In a previous post, we discussed Chemical Compatibility with Thermoplastics in the aerospace industry, with a focus on commercial aviation and our test methods and results. Now, we want to expand on the issue to explore the suppliers we have worked with to ensure our end users (airlines) have access to the best combination of components and cleaning products to provide their customers with a superior passenger experience and to ensure component/system reliability.
NEW Product Debut at AIX 2019
The Aircraft Interiors Expo in Hamburg is next week! We are excited to announce the debut of our new Tamper Resistant Foaming Soap pumps! With our patented design, you can eliminate…
✅ the risk of soap contamination,
✅ unwanted dilution of soap,
✅ the risk of passenger misuse or abuse, and
✅ accidental spilling.
Be sure to stop by and visit us at Stand 6F98 in Hall B6 to learn more! If you’d like to schedule a meeting, please email email@example.com today. We hope to see you at the Expo!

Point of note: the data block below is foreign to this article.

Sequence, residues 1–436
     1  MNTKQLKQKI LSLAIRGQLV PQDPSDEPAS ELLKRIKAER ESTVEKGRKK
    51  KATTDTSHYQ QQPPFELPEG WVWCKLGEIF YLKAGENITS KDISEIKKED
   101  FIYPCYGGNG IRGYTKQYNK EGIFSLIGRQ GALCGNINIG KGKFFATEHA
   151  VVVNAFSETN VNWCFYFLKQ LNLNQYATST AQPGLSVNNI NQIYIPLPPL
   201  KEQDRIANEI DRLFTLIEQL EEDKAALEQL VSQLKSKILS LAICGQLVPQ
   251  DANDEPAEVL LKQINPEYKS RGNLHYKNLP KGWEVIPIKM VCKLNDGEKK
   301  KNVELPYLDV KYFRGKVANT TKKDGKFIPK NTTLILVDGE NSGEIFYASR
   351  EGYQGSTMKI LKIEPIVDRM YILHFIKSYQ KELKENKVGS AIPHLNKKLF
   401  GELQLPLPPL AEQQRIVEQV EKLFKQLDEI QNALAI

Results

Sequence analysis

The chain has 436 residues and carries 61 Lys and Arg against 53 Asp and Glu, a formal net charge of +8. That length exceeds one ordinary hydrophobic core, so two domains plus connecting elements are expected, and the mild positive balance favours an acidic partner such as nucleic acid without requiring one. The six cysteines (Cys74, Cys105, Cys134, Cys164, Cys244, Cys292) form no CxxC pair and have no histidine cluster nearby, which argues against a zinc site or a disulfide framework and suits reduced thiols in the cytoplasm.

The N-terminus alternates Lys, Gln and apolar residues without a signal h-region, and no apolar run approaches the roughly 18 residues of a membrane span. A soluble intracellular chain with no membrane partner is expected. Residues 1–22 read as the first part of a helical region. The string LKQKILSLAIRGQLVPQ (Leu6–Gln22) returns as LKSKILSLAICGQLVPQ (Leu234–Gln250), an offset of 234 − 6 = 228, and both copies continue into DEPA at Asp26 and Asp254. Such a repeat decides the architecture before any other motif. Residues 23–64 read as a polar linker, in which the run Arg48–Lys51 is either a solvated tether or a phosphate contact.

The first instance of incompatibility between cleaning chemicals and thermoplastics making up aircraft interior components was in 2012. The most obvious problem was the staining occurring on window shades and table trays. The discoloration would turn lightly colored components a dark tea color, negatively impacting the aircraft appearance and airline brand image.
Cracking/crazing has occurred less frequently, but affects the functionality of components. After prolonged contact with incompatible cleaning chemicals the thermoplastic gets weaker and more brittle. This leads to cracking/crazing which causes the structural failure of tray table hinges, requiring the complete replacement of the tray tables to restore functionality.